This term refers to an addicted person trying to discontinue the drug on their own with no medical or professional help. This can be ineffective, with no one there to help them maintain a clean and sober lifestyle. Studies have shown quitting cold turkey, especially when it comes to hard drugs, may increase the risk of experiencing an ultimate post-acute withdrawal phase by 95%. Quitting cold turkey without any medical or emotional support can increase your chances of relapse as well. The sudden non-existence of the dependent drugs puts your body in complete shock, and your nervous system may not know how to perform its functions as it should.

 

4. Frequency of Use

If you or your loved one was an addict, PAWS is more likely to affect the individual quicker if they took the drug on a daily basis or multiple times a day. This reason is that your body has gotten so used to functioning “normally” only when the drug is present, so, mentally and physically you now need the drug to function as you normally would.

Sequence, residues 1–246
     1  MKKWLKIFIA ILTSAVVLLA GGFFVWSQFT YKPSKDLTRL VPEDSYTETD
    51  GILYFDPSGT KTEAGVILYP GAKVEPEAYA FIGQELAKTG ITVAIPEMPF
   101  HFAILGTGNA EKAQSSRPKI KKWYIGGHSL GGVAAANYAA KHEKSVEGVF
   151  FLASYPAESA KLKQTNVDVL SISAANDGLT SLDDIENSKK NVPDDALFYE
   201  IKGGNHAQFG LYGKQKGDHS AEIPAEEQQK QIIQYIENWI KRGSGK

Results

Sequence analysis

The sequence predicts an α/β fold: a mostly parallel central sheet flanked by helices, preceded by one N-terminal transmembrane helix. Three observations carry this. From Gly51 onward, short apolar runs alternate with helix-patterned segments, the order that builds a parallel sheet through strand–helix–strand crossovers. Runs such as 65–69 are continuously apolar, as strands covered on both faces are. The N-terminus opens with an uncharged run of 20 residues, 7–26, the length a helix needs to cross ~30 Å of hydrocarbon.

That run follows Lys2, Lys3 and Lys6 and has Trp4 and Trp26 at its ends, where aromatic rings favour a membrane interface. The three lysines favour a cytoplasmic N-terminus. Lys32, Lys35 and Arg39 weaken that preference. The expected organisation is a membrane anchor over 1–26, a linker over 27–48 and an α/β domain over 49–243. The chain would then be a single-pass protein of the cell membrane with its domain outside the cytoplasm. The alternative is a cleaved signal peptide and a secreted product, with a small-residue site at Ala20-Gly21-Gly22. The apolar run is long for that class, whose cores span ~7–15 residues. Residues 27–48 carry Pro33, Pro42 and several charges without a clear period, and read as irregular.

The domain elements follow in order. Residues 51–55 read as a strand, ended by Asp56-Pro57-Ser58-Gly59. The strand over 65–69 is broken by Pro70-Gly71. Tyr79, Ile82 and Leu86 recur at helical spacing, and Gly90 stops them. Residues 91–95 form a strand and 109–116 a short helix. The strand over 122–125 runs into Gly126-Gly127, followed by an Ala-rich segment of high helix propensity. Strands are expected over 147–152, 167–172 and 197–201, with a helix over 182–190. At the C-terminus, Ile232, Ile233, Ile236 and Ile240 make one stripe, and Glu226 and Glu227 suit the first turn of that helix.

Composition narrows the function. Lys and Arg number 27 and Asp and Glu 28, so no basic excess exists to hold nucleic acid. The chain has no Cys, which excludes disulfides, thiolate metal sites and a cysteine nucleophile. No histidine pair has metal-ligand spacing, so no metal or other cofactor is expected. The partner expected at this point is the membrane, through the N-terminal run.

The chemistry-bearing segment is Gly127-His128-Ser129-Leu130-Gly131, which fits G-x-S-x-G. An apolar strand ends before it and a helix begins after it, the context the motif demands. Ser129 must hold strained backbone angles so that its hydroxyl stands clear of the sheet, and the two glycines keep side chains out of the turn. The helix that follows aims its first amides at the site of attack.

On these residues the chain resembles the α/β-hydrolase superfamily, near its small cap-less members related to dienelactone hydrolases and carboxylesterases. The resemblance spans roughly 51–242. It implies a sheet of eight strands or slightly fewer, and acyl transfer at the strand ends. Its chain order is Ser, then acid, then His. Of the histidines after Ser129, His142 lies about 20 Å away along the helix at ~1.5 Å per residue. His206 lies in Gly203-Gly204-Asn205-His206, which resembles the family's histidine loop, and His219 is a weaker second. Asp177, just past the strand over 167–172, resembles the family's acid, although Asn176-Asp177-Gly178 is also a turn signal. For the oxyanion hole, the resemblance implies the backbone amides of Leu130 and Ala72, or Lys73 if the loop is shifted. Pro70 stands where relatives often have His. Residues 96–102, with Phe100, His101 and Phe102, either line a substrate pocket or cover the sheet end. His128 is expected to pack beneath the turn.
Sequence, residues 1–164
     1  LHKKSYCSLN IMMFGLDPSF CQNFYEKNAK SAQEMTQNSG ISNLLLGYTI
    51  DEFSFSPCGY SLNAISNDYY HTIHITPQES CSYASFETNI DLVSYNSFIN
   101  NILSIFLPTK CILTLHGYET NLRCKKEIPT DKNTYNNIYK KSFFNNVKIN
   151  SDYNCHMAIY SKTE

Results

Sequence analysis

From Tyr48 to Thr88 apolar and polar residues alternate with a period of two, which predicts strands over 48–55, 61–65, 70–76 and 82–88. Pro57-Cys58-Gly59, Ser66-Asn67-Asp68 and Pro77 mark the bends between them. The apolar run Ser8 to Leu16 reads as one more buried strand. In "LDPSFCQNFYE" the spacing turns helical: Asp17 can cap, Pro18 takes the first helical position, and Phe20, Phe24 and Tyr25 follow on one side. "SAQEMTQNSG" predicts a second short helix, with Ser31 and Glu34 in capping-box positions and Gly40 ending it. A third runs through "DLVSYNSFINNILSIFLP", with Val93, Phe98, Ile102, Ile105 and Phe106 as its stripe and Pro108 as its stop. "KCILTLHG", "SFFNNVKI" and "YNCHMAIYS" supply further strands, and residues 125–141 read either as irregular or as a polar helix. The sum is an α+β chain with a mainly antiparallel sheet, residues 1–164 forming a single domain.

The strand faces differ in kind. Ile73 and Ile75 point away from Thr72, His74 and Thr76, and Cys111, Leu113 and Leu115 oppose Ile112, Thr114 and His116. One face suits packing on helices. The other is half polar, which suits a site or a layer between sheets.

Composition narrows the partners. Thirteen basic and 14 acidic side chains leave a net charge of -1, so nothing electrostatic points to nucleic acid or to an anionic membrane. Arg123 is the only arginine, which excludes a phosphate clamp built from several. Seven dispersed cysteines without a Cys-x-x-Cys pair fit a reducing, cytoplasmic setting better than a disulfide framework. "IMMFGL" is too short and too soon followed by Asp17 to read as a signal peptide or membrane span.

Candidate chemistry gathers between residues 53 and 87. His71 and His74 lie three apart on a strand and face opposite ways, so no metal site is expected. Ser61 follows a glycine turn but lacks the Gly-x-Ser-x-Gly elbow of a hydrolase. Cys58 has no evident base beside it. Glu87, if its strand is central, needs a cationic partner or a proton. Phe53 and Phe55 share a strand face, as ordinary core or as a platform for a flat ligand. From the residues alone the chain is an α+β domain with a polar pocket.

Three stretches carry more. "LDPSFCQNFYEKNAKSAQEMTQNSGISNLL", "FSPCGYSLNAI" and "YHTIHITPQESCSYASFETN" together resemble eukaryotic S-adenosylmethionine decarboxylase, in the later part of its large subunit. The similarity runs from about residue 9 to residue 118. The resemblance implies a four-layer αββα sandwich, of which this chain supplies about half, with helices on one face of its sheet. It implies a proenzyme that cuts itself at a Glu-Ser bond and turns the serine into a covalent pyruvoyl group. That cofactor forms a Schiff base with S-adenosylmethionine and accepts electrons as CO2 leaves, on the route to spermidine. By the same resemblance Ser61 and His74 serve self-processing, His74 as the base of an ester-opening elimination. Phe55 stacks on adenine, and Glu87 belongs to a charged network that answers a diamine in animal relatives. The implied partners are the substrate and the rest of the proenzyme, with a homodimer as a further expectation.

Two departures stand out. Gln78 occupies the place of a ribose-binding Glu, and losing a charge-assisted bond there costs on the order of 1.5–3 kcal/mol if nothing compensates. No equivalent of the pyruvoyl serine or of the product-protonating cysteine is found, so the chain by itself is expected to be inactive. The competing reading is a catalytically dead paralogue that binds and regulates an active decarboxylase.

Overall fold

5. Individual Reasons

Withdrawal is different for everyone, even though it exhibits the same type of symptoms. In many cases, two people may have been addicted to the same drug at equal doses and frequency. However, these two people could experience withdrawal for shorter or longer timeframes. For example, one person may experience withdrawal for one year, while the other may only experience it for four months. This factor is entirely dependent on how your immune system works and your genetic makeup.

 

Maintaining a Healthy Lifestyle

Another essential thing to consider while going through withdrawal is that your environment also affects your road to recovery for a sober lifestyle. Eating healthy and having balanced daily meals is crucial to nourish the brain and body. Also exercising, getting proper sleep, and not overworking your body to the point where you may crash is important. Withdrawal is a time to rest and rebuild while experiencing potential detox. The amount of activity also affects how severe you experience withdrawal as well as how you remain sober.